So I guess that's that, right?  I'm smarter so I win.  Standardized tests say so.

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ceciliabeltranposted 9 years agoin reply to this

well, it doesn't seem that way since you cannot get the concept that numbers are measuring units. but WE assign the units.

I can count in hair, or in heads.
in ones or in tens. It all depends on where I start counting or what I'm counting.

So your premise of losing wallet is not zero, it's negative wallet. because you are measuring wallet that used to exist. clear? not clear. maybe you should retake those standardized tests. they improve in time you know. how long has it been?

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skyfireposted 9 years agoin reply to this

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superwagsposted 9 years agoin reply to this

Zero can be measured. You just have to have defined a scale against which to measure it. It doesn't need an opposite.

It is essential to mathematics and quantifiable by mathematics and is therefore a number.

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ceciliabeltranposted 9 years agoin reply to this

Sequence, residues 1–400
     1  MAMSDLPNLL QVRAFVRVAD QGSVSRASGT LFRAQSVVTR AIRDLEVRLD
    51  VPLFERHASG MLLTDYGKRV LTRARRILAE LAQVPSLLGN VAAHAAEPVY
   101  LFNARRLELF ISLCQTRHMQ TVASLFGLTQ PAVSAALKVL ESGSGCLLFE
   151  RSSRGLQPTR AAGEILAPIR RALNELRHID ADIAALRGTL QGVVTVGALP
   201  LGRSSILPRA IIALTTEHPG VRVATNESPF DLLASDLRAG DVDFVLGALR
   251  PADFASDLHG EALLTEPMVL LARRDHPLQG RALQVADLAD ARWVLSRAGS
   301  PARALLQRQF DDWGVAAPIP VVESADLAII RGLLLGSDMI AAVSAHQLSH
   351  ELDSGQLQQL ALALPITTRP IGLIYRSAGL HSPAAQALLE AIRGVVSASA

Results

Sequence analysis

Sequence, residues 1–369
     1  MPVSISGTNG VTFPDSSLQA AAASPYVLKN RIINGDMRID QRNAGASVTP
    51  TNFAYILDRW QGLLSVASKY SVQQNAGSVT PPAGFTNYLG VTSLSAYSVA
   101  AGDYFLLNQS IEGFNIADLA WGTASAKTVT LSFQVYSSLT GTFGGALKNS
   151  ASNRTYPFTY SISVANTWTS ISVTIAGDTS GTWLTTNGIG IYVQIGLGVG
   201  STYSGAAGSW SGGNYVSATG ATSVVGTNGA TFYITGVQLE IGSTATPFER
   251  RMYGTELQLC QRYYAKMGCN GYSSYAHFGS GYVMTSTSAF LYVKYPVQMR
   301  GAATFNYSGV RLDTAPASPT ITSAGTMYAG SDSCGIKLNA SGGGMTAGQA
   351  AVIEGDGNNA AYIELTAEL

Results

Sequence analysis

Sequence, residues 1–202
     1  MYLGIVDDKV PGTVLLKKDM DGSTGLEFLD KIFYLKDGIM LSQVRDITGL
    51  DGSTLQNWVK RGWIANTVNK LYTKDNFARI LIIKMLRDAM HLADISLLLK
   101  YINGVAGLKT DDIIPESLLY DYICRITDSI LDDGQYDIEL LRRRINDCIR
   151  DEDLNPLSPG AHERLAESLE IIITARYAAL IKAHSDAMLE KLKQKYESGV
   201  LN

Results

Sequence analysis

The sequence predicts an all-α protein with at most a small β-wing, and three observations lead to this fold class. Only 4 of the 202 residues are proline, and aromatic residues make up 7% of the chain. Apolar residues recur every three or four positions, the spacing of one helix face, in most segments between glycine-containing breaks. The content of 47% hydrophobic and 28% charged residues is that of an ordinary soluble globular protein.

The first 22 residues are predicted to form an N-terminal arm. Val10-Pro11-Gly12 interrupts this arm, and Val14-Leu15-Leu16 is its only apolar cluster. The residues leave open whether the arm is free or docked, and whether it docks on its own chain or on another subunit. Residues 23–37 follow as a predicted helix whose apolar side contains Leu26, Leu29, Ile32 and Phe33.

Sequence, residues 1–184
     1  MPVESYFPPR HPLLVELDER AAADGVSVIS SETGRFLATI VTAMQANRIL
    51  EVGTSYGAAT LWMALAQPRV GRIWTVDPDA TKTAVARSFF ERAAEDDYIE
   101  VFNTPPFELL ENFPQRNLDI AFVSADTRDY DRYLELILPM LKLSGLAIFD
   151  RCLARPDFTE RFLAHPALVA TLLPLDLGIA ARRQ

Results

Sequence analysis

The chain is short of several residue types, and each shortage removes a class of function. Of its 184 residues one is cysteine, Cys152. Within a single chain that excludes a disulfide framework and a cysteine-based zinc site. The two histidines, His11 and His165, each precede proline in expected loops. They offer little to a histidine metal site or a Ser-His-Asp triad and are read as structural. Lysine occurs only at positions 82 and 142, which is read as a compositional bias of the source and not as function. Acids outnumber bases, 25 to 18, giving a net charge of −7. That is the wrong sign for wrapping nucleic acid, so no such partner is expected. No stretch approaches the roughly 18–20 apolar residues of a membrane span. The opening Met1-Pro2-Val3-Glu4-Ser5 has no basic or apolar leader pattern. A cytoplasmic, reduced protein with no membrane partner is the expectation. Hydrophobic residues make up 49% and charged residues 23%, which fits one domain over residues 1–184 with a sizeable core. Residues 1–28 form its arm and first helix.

A number is a unit of measurement. And zero is the beginning of measurement. It does necessarily mean there is nothing there.

the confusion here is a true zero can ever be achieved. it is a direction of counting in the number line.

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superwagsposted 9 years agoin reply to this

Again, it depends upon the scale; it is a number between -1 and 1. What temperature does water freeze at (to the nearest whole)? Zero doesn't have to be the start of a measurement.

True zero can't be achieved in terms of physics inside of the universe. That's what universe is; maths, effectively. Is that what you mean?

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bestislandposted 9 years agoin reply to this

If I have one donut I eat that donut. How many donuts do I have. Absolutely zero. Am I close?

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superwagsposted 9 years agoin reply to this

Yep, you're bang on.

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ceciliabeltranposted 9 years agoin reply to this

until you start measuring the donuts in molecules. that's when the number changes.

see, it depends on what you start measuring.

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superwagsposted 9 years agoin reply to this

That isn't how we measure donuts.

Once the number has been assigned to a concept then it becomes absolute. It doesn't mean that zero doesn't exist, it does, look at the temperature scales that you just mentioned; both have zero intergers.